up this year, in part, because of worldwide demand for the fuel. But
    refining margins on gasoline are up only slightly, because of lower
    demand.

    Put simply, soaring oil prices have been the main driver behind the climb in gas prices.

    While
    it’s possible that refinery margins could still increase on gasoline,
    it’s the cost of crude oil that will continue to have the biggest
    effect on gas prices.

    This month saw a surge in the price of West
    Texas Intermediate, the U.S. benchmark, which increased $20 to $132.57
    a barrel. On Thursday, about $2 of that was taken back, with a barrel
    closing at $130.21. Wholesale gas prices also declined slightly.

    While
    some within the oil industry contend a correction is overdue, others
    say growing worldwide demand for oil will keep prices up. One
    prediction by a respected Goldman Sachs analyst already has oil
    eventually going to $200 a barrel.

    So, is there any good news for consumers? Perhaps.

    At
    least part of the recent increase is thought to have been fueled by
    financial speculators. And some increasingly flustered market-watchers
    remain convinced that the fundamentals of supply and demand simply
    don’t justify $130 oil.

    “Professional petroleum suppliers are
    saying, ‘What the hell is going on?’ ” said Lewis Adam, president of
    Admo Energy in Kansas City, which helps businesses, including gas
    retailers, manage fuel costs.

    Adam said there probably is enough
    momentum in oil prices to at least briefly push gas prices past $4 in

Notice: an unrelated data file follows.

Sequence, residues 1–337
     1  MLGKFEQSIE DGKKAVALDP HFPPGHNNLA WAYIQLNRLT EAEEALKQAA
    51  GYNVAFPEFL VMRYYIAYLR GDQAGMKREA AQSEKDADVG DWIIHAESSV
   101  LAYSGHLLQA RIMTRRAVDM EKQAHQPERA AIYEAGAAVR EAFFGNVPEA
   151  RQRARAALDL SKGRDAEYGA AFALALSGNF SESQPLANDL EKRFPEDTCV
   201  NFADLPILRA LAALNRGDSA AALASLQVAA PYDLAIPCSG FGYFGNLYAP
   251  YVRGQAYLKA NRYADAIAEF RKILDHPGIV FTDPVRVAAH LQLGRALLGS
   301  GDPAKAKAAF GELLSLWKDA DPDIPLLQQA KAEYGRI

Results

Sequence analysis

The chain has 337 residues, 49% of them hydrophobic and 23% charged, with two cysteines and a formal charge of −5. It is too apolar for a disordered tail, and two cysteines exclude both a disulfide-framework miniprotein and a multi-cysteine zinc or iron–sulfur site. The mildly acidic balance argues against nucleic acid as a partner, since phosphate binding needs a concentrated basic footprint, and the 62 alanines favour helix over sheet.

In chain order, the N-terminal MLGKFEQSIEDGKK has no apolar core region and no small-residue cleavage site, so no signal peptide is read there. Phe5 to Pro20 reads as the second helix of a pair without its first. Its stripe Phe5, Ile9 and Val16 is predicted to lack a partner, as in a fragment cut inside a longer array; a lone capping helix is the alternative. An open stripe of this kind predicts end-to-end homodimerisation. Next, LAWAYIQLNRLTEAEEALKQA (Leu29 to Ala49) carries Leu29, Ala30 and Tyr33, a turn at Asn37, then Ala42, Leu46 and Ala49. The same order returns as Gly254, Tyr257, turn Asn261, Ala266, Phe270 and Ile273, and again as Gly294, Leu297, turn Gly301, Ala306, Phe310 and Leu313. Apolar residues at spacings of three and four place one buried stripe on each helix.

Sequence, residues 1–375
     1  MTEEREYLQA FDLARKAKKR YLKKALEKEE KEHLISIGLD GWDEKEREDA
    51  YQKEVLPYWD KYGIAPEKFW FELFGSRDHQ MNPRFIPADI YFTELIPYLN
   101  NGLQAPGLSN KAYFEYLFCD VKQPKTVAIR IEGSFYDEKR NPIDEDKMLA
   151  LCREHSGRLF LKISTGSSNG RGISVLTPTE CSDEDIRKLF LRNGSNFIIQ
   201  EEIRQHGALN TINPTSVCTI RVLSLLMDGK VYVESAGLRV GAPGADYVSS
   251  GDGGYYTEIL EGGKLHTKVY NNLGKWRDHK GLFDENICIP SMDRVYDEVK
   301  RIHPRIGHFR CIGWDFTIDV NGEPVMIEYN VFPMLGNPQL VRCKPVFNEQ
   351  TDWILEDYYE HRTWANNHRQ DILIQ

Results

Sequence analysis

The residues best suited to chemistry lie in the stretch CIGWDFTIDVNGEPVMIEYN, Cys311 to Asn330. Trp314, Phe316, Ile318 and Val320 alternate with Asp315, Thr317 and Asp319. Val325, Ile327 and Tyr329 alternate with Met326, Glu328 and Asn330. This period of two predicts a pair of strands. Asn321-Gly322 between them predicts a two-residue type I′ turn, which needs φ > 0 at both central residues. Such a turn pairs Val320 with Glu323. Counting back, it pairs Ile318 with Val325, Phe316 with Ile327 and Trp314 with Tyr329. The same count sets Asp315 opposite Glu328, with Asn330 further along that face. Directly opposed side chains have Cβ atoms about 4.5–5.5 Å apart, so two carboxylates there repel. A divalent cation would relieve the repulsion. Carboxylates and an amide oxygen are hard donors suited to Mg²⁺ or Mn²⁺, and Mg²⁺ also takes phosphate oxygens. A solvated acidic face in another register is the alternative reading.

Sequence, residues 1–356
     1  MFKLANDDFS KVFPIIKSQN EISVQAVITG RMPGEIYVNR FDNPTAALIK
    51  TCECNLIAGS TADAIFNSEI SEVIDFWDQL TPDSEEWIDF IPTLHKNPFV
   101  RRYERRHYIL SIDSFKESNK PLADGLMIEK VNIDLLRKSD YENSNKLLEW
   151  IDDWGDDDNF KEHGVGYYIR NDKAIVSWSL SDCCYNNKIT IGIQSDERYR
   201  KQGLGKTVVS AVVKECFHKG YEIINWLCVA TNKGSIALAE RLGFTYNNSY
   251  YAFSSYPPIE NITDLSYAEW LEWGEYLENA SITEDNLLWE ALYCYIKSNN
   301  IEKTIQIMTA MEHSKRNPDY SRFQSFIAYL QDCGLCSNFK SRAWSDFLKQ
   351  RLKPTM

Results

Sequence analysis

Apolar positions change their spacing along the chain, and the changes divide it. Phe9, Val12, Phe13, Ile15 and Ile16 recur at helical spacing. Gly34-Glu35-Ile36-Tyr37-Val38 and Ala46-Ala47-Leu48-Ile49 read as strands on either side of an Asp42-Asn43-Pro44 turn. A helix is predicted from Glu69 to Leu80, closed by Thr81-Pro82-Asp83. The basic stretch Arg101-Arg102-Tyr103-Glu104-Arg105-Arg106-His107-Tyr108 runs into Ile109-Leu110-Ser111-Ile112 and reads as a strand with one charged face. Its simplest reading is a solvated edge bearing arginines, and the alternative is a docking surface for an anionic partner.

the Kansas City area. But he has hopes for relief soon after Memorial
    Day. He thinks oil prices could decline to about $100 — so instead of
    instead of facing $4 gas, it’s possible we would have closer to
    $3-a-gallon fuel.

    “It could be huge when it happens,” Adam said.

    Consumer groups, trucking association want a ‘hot fuel’ fix

    It’s warming up, and “hot fuel” is back in the news.

    Two
    consumer groups and an organization that represents independent truck
    drivers said Thursday at a news conference in Washington that with gas
    prices at a record high, it’s high time to fix a problem that gives
    consumers less energy per gallon because of temperature fluctuations
    that change fuel volume.

    Consumers “would be even more angry if
    they realized they were paying ($3 billion annually) for gas they don’t
    get,” said Joan Claybrook, president of Public Citizen.

    At recent
    prices, hot fuel can cost consumers as much as 10 cents a gallon,
    according to estimates generated by the groups. Truckers stand to lose
    about $1,200 a year.

    Sen. Claire McCaskill of Missouri is pushing
    legislation that would require gas retailers to make adjustments in the
    volume of a gallon of fuel to account for temperature fluctuations.

    Joining
    Public Citizen were Consumer Watchdog, based in Santa Monica, Calif.,
    and the Owner-Operator Independent Drivers Association, based in Grain
    Valley, Mo.

    To reach Steve Everly, call 816-234-4455 or send e-mail to severly@kcstar.com.

    This post was written by:

    - who has written 14 posts on Oil Watchdog.


    Contact the author

    One Response to “Gas Hits $4 in KC Area”

    1. anonymous Says:

      I simply want to say I am just very new to blogs and truly savored this blog site. Very likely I’m going to bookmark your blog . You definitely come with remarkable posts. Many thanks for revealing your web site.

      Reply

    Leave a Reply

    Secured By miniOrange